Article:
There Will Be Blood

Daniel Plainview (Daniel Day-Lewis, "My Left Foot," "Gangs of New York") is relentless building his oil business, intent on crushing the competition. One day, he is visited by a young man, Paul Sunday (Paul Dano, "L.I.E.," "Little Miss Sunshine"), who promises him the divulgence of the location of his poor family's farm - land on the California coast practically floating atop oil - for a fee. Plainview takes the bait and furthers the boy's treachery by buying the Sunday's and other residents of Little Boston's land out from under them, but when he comes up against Paul's twin Eli (also Dano), a charismatic evangelical preacher, it is only time before "There Will Be Blood."

Laura's Review: A-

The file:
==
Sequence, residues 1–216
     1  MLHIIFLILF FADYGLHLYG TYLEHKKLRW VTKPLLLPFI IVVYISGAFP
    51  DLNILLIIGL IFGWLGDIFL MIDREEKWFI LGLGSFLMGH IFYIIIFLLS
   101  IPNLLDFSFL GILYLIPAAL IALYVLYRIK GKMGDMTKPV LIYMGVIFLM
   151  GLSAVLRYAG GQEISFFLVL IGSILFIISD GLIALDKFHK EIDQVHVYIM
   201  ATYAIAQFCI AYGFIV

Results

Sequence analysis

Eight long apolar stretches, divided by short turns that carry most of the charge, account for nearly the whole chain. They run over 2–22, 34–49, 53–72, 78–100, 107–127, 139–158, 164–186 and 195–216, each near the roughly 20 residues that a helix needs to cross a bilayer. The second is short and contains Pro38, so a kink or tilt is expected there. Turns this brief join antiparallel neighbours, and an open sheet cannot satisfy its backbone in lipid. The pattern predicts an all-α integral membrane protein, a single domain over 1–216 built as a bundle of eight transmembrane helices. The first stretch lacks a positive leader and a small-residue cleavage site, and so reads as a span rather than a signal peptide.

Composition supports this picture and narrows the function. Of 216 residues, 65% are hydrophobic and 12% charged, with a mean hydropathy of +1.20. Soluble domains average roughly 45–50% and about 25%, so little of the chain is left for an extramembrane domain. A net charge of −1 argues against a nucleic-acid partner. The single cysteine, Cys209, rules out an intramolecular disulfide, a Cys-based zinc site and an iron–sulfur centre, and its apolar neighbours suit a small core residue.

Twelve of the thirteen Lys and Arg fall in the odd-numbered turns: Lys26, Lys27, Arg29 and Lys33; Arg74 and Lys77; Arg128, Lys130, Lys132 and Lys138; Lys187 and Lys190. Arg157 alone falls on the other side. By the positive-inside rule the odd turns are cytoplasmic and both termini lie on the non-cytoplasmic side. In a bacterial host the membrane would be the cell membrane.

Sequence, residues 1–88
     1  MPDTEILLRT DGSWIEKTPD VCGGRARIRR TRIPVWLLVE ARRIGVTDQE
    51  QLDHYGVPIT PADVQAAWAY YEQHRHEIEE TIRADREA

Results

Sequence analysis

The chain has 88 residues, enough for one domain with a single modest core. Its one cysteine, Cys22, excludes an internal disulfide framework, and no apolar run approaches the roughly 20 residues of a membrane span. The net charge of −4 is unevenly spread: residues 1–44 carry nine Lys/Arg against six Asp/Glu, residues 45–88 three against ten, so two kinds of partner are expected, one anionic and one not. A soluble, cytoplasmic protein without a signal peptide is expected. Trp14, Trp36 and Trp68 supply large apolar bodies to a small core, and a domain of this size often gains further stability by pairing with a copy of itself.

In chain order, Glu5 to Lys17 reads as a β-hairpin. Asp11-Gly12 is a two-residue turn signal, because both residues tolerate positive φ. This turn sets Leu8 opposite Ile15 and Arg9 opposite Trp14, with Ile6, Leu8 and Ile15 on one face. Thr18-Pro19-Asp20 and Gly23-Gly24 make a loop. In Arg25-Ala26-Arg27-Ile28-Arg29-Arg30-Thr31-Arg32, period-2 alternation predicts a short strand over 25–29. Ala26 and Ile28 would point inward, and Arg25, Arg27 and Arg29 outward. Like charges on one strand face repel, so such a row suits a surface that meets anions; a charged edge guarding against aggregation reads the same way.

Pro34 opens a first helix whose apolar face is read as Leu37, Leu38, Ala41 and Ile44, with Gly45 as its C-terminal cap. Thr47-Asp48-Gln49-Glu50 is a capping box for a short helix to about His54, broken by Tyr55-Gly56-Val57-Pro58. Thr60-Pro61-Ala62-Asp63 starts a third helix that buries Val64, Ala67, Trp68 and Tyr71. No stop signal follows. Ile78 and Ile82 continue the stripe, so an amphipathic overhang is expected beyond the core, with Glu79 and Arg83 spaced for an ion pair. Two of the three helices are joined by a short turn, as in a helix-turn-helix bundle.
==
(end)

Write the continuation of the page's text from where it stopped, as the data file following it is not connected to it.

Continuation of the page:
From writer/director Paul Thomas Anderson's ("Magnolia," "Punch-Drunk Love") first sound and image, "There Will Be Blood" announces itself as something different. We see a hot, hilly, dusty landscape dotted and hear a creepy, mounting electronic drone, like Dolby's DVD test signal possessed by demons. For the next thirty minutes or so, Daniel Day-Lewis's Daniel Plainview will scratch in the ground, digging for silver in a decrepit turn of the century mine, scrabbling at the earth for survival. He'll also fall and get a nasty leg break (the first of many hideous, brutally abrupt accidents) in the middle of nowhere. His tenacity proves that fortune can be made by hard work, and soon Plainview has a whole crew, one of whom's tragic death leaves him with an adopted son, H.W. It is H.W. (Dillon Freasier) who accompanies Plainview on the 'hunting trip' to Little Boston, where the kindness of the Sundays will be taken advantage of. A massive oil derrick will go up, shadowing the church Plainview's agreed to build but not people. In fact, Plainview has a rather violent reaction to religion and appears to take pleasure in undercutting Eli, who becomes equally determined to 'save' Plainview's soul. But Anderson does more than pit these two against each other - he explores the tricky bonds of family on both sides of the coin. The 'holy' Eli, whose own twin betrayed them, berates his father for being a fool. Plainview, who despite his black heart consistently expounds on the value of family, must make do with other's blood. When H.W. goes deaf after an explosion, Plainview's values begin to erode - when his grown son (Russell Harvard), now married to Eli's sister, dares strike out on his own, Plainview brands him a competitor. The half-brother, Henry (Kevin J. O'Connor, "Gods and Monsters," "Van Helsing"), who arrives during the pinnacle of Plainview's success, is warily given uncommon access to the point that H.W.'s rebellious actings out are not recognized for the warnings that they are. Anderson loosely based his latest on Upton Sinclair's "Oil" and biographies of California oil man Edward Doheny, but this is no biopic. Instead Anderson's unique vision here propels him over his earlier work. Everything about this production is bold from Jack Fisk's ("The New World") stark period production design ("Blood" was filmed in Marfa, Texas - the land of "Giant") to the strikingly discordant score by Radiohead's Jonny Greenwood. And then there is the towering performance by the unparalleled Daniel Day-Lewis, an actor who walks to the edge of the precipice, losing himself in the insanity of his character. Here is a man who can show genuine concern - but only when it doesn't interfere with business; a man who will spout religious rhetoric as the means to an end but resort to murder to crush it out. Paul Dano had already established himself as an actor to watch and he steps up to a perilous plate and knocks it out of the park. His Eli is a snake of a false prophet who initially believes his own spiel for the glow cast back upon him by his parishioners. The little known Kevin J. O'Connor gives a sympathetic turn as the down-at-heel long lost brother not above celebrating on Daniel's dime. First timer Dillon Freasier gives an utterly organic performance as the son who does not know his own heritage and Sydney McCallister has presence as his crush and playmate, Mary Sunday. Unfortunately, though, as Plainview's right-hand, Ciarán Hinds (HBO's "Rome," "Margot at the Wedding") fails to make a mark. "There Will Be Blood" marks a major shift with its last act, jumping decades to now rich as Croesus Plainview living the life of an eccentric in his oceanside mansion. It's a bit startling, but then there is the even more outrageous last scene, where Plainview and Sunday pitch their last battle in a basement bowling alley. Day-Lewis's final words - the sing-songed "I'm finished!," are sure to not only take audience's aback with not knowing what to think but to go down as one of cinema's immortal lines.